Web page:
- Feb 23, 2009
- AFL Club
- Other Teams
- New York Jets
Pretty reasonable thought.Essendon's planned upgrade to Windy Hill uses the same model as the Dogs and North have used/are using to get the Western Oval and Arden Street upgraded.
Leverage community links/access and the AFLW team for a major injection of taxpayer funds.
Which begs the question as to what real competitive advantage big rich clubs have over the smaller clubs now.
The days of Essendon/West Coast/Hawthorn being able to afford world class training facilities while smaller clubs had portables or used uni gyms and the like are long gone.
The footy department soft cap brought the heat out of the arms race there and the AFL used COVID spending cuts to cement in the equalisation.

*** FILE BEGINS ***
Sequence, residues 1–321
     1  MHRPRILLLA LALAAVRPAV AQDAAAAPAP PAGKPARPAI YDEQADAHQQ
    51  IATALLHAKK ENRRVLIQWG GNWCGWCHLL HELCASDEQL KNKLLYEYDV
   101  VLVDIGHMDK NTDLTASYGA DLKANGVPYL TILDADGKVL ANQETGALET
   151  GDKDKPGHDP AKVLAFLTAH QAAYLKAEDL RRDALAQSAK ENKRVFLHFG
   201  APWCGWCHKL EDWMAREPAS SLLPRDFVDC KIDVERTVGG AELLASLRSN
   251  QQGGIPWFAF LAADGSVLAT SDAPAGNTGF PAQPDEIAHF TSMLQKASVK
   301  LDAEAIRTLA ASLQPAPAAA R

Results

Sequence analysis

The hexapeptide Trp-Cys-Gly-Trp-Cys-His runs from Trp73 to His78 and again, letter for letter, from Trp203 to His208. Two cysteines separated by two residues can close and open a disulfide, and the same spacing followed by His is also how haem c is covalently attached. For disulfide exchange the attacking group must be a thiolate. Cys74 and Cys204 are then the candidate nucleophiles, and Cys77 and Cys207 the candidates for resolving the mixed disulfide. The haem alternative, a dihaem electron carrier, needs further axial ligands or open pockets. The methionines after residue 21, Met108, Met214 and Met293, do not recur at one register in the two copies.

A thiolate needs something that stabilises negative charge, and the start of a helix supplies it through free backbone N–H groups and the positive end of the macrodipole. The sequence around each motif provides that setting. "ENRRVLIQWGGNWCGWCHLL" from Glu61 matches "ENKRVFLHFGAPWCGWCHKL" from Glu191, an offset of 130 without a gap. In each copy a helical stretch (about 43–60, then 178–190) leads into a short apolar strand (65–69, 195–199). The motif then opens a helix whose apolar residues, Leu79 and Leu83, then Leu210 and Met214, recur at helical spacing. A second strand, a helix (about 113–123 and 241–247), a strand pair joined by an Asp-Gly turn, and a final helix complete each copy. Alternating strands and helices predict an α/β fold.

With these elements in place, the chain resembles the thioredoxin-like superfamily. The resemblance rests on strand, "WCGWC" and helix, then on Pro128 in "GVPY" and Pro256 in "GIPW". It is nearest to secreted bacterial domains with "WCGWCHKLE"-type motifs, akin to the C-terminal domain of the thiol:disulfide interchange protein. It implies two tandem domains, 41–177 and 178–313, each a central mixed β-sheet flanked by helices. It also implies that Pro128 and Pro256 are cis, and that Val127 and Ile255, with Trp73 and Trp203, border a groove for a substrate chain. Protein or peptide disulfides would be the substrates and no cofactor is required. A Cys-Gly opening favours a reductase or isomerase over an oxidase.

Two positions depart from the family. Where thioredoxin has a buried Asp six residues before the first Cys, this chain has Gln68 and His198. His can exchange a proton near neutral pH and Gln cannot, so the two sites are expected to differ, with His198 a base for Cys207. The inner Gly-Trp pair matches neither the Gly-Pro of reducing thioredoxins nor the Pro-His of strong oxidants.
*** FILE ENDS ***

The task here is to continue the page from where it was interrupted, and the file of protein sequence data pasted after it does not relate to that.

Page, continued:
It looks like the real competitive advantages are with clubs that can offer lifestyle and cultural benefits.
Geelong benefits massively from its location and the associated lifestyle. Brisbane has done very well in building a culture that players want to come to and/or not leave. GWS have rapidly built a strong culture that allows them to keep players they want and attract talent too.
Has footy's equalisation mechanism - and associated political/cultural factors like teams working out they can use W to squeeze taxpayers for cash - finally reached its goal where richer clubs don't actually get any tangible onfield advantage from their cash?
These days all AFL clubs have elite player well-being programs and access to facilities.
Soft caps and COVID reductions in spending also reduce any advantage.
Not to mention, the AFL distrubutes funds based on where they are needed, so there's no real advantage there.
Maybe they offer more security for roles for staff and to sell to their members/ member benefits?
I dont think there is any tangible on field benefit any more.